Sunday, November 3, 2013

Eating too much in Koreatown

Dan Sung Sa
We could hear the shouting from the drunk sitting outside Dan Sung Sa when we got out of the car. On a bright autumn Saturday, we found a meter outside this Korean pub known for its bar food like skewered chicken gizzards and kimchee pancakes.

Now, two o'clock in the afternoon, the bar was shuttered, and the drunk sat, a 40 ounce in a crumpled bag on the pavement beside him, yelling at passersby.

"Hey, mister! You're a writer, huh?" he shouted when he saw us crossing the lot. "I can tell by looking at you, you're a writer."

"You nailed it, brother," [The Man I Love] replied. "You got me."

We quickly skirted the corner and headed west on 6th Street, taking in a whiff from the garbage dumpster behind Dan Sung Sa as the street dipped gently down.


The Chapman Market building takes up the block on 6th between Alexandria and Kenmore. This Spanish revival building was built in 1929 by architects Morgan, Walls and Clements as America's first drive-through market. Two stately towers anchor the corners of the block, with an arcade of retail storefronts between. Behind, arched entryways lead into a sheltered inner courtyard, with parking for the bars and restaurants that open onto it.


Elaborate cast iron grillwork and over-the-top Churrigueresque rococco embellishments of another era hold their own with the flashy colorful graphics of hangul script and images that jar and flash everywhere you look in Koreatown.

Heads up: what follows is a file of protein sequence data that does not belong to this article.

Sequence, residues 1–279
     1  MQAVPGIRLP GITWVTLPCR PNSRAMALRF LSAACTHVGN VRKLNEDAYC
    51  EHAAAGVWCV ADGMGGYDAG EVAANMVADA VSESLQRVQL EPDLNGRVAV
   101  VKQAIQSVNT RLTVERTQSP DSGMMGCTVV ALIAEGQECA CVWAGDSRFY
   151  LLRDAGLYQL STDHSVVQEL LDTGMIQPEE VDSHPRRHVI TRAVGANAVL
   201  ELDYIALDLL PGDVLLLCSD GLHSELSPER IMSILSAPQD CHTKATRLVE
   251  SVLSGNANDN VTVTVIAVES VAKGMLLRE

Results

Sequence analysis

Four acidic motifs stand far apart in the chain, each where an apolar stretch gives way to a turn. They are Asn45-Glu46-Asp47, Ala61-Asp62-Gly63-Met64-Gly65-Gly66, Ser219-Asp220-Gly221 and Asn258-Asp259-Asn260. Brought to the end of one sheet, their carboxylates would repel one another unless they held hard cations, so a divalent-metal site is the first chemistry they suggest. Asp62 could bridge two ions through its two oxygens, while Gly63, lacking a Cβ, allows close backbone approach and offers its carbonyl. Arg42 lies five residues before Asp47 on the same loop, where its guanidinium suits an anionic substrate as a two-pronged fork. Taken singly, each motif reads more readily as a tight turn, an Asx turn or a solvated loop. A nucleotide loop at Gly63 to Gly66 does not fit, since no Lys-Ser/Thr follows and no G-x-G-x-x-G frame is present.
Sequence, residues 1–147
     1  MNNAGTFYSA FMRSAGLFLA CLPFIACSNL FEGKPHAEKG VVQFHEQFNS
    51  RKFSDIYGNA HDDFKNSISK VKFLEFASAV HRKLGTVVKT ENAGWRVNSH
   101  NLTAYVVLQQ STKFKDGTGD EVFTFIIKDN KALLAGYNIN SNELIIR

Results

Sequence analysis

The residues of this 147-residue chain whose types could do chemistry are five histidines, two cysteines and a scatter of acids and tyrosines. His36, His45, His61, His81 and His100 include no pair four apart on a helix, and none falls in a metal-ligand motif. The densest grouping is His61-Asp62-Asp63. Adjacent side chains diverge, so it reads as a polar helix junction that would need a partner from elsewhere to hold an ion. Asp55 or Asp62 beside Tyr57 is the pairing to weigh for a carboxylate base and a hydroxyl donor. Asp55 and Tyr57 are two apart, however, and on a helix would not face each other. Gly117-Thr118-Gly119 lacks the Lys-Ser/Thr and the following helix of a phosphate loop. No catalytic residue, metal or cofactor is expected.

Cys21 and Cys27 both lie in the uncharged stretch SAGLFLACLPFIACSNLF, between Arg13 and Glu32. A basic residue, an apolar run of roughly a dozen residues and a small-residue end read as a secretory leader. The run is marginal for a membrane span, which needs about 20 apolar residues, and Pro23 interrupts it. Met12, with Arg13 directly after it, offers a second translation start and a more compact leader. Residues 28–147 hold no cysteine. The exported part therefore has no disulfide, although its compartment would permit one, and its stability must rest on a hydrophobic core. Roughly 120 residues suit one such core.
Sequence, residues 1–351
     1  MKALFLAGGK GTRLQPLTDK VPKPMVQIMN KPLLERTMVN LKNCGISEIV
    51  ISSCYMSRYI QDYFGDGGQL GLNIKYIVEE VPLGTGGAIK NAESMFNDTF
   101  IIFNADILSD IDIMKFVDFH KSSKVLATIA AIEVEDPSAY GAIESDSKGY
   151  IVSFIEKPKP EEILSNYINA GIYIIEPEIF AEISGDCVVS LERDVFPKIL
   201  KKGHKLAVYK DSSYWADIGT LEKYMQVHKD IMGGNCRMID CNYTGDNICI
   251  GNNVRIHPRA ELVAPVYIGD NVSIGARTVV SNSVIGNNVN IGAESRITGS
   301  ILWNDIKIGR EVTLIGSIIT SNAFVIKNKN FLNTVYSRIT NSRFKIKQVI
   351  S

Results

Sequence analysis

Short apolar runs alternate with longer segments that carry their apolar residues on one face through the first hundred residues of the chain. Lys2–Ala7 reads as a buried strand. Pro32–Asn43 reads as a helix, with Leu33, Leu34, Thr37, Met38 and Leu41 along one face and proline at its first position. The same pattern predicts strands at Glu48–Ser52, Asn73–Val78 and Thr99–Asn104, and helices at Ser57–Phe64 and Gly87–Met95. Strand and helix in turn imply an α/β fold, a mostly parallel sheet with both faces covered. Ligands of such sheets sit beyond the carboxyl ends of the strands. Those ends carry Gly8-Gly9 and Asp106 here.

It was built as a market, with produce, meat and baked goods sold to the affluent people who lived in nearby apartment buildings.The neighborhood was tony, with high-end hotels like the Ambassador nearby, and the popular Brown Derby restaurant.


Today it's in the heart of Koreatown. Still thriving, the Chapman Market is now home to karaoke bars and nightclubs, a hookah cafe, fashion and cosmetic boutiques, and one of Koreatown's most popular restaurants, Kang Hodong Baekjeong, a raucous, smoky outpost of a barbecue joint owned by a South Korean celebrity wrestler.


The entrance to Kang Hodong Baekjeong is flanked by two cardboard cutouts of its famous owner. Once inside, efficient black t-shirted waitstaff wearing wireless intercom buds in their ears whisk you to a table with a central gas-fueled brazier.

The grill lit
 Expertly flicking a lighter, the waitress lights the burner and fits a domed grill-top in the center.  Around the grill, a cast aluminum tray inset with channeled compartments holds chunks of chopped onion and peppers, and in one, yellow corn kernels sprinkled with grated white cheese. She brings a battered tin teapot and into one of the channels encircling the brazier, she pours a stream of beaten golden egg.

Pork belly on the grill
You can get other menu items besides barbecue, but we went for the pork combo, which included pork neck, pork belly, and marinated pork short ribs. While we waited, panchan, or small dishes of accompaniments typically served with Korean food were brought to the table, including kimchee, a strong fermented cabbage pickle, a bowl of scallion and mung bean sprouts doused in a fiery red chile sauce; fresh green lettuce leaves, and a bowl of soy with onion chunks and jalapeno slices, and a generous smear of wasabi on the side.